I don’t know if the core problem – evaluating someone accurately, in depth, in a limited amount of time – is a solvable one.

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              I was quite unclear, and I’m sorry. My intention was not to shut out the socially inept, but if they are working in a team they need to be at least capable of communicating with their team, or at the very least capable of doing so in document form. Clammy is fine, being unable to work with peers isn’t.

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              Hang out with them until you can get a bead on whether they are as good as they say they are.

              This is an approach that feels good but is actually just straight up a bad idea.

              • It’s very expensive per candidate. The only place you could possibly afford to put this in an interview process is right near the end when you’ve already filtered most people out anyway.
              • There’s a fairly long track record of experiments that suggests that people are not nearly as good at informal judgement of ability as they think they are. You mostly select for halo effects.

              keep your questions relevant to the work at hand.

              I sortof agree with this one but sortof don’t. It’s better not to match the questions too closely to the work at hand - e.g. I’ve had pretty good luck with coding questions where the candidate is explicitly told they can write the solution in whatever language they like (I usually combine this with the homework approach). In general, testing abstract skills that are probably relevant to the job is better than testing skills that don’t have anything to do with the job. e.g. testing someone can correctly read and implement a spec is good, testing someone can do fancy algorithmic juggling is probably a red herring.

              I have and will always turn down jobs like that, simply awful.

              I kinda get frustrated by people who do this. I understand where you’re coming from, but the world is full of bad opinions about interviewing, and full of bad interviews, and the way to figure out what the hell we’re doing is through experimentation. It’s much harder to experiment if when people get an interview question they don’t like they get offended and walk out.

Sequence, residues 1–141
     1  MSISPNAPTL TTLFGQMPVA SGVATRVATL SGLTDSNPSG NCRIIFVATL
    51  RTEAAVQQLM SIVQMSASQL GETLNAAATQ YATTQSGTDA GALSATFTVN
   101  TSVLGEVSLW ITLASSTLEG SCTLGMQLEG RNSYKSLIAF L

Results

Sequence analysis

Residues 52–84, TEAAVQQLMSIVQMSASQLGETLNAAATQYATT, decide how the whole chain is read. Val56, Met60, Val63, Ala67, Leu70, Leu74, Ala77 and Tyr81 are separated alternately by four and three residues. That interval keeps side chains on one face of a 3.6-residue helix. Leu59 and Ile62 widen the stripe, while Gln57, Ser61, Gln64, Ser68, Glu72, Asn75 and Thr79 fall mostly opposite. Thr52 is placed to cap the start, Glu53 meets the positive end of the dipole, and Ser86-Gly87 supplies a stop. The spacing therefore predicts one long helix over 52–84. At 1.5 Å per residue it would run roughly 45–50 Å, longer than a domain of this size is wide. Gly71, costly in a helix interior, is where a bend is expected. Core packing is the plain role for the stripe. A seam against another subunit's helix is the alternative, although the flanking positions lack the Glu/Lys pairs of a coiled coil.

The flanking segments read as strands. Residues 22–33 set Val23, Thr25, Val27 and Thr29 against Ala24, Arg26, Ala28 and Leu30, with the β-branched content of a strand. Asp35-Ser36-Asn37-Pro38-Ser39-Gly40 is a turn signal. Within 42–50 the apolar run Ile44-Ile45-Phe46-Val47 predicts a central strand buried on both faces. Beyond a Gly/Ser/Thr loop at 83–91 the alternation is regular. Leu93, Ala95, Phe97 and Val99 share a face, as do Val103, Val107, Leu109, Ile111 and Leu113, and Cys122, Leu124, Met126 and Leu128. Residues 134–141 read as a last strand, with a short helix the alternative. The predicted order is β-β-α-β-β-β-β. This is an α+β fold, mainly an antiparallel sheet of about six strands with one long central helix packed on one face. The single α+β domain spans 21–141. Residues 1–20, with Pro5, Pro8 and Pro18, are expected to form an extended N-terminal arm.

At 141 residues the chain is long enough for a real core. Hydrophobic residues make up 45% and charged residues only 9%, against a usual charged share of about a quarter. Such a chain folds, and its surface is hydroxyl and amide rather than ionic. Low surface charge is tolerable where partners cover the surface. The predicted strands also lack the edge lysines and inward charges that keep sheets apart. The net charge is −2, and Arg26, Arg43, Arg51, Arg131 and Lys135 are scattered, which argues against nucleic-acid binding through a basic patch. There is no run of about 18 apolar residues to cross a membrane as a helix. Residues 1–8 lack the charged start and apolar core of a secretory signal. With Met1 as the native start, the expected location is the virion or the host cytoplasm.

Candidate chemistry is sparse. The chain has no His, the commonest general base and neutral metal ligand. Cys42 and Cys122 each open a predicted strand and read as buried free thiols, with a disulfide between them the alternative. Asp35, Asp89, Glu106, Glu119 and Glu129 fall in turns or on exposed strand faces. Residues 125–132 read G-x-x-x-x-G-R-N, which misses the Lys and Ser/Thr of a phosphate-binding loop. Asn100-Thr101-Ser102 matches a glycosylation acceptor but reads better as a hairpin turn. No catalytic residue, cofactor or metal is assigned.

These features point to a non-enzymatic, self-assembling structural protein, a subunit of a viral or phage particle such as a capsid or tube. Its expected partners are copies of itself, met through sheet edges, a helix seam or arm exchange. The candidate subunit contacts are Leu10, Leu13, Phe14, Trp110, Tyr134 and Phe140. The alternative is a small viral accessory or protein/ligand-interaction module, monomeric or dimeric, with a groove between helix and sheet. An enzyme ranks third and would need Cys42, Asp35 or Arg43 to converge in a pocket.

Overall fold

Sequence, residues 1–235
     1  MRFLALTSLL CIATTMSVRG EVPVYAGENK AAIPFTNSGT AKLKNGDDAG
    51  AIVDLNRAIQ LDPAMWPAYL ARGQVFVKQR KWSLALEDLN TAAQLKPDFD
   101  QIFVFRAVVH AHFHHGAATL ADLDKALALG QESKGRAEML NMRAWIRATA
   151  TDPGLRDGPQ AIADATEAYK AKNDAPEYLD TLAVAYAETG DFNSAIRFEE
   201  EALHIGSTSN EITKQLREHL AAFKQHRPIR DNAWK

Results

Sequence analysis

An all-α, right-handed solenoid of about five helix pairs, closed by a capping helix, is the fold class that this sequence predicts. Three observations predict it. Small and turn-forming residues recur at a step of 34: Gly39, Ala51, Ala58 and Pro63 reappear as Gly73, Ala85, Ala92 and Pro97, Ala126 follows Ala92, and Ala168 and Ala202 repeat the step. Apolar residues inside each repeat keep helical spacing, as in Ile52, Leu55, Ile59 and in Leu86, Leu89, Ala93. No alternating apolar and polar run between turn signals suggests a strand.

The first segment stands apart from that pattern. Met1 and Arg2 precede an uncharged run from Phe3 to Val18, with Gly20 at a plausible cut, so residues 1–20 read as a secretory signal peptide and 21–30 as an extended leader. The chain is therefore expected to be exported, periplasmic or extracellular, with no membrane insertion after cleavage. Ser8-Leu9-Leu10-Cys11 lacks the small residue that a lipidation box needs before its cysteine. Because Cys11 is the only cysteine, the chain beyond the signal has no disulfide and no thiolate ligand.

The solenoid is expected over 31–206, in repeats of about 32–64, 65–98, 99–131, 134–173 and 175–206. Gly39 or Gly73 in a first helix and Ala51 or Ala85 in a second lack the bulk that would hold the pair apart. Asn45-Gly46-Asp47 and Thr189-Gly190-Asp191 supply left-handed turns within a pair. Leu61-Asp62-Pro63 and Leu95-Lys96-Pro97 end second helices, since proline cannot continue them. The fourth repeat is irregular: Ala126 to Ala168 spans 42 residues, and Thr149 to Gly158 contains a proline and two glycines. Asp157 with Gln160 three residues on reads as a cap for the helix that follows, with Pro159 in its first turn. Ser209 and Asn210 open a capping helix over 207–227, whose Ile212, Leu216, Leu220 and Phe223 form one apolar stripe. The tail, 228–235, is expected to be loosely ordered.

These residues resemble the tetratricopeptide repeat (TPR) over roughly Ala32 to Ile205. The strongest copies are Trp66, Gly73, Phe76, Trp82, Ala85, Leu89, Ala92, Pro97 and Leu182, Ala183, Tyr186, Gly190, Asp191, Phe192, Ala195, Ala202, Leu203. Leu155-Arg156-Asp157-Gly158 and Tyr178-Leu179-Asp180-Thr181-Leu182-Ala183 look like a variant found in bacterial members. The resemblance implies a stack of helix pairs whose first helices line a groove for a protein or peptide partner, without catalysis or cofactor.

OTOH there are a lot of bullshit interviews and sometimes life is too short, so *shrug*.

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                Respectfully disagree on the first point, you’re about to spend a few thousand dollars a month on this person, and if you mess up you’re out minimum several thousand dollars. What you’re ideally selecting for is someone who will work well with your team, and someone who is able to learn. I respect that there are risks for biases, but that’s why we have competency tests not just social interaction.

                To the second, relevant doesn’t mean tightly match, so yes I agree.

                To the third, if someone walks out it means your experiment gave you a very clear result. Gotta crack some eggs to make an omelette. Sure you might not hire them, but they probably weren’t a good fit with your culture anyway.

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              I was surprised that the article mentioned “homework” as a strategy but not the similar option of “pay them to solve a relatively small problem you’re actually having and judge their solution”.

              I was also saddened that it had nothing to do with either of these two posts.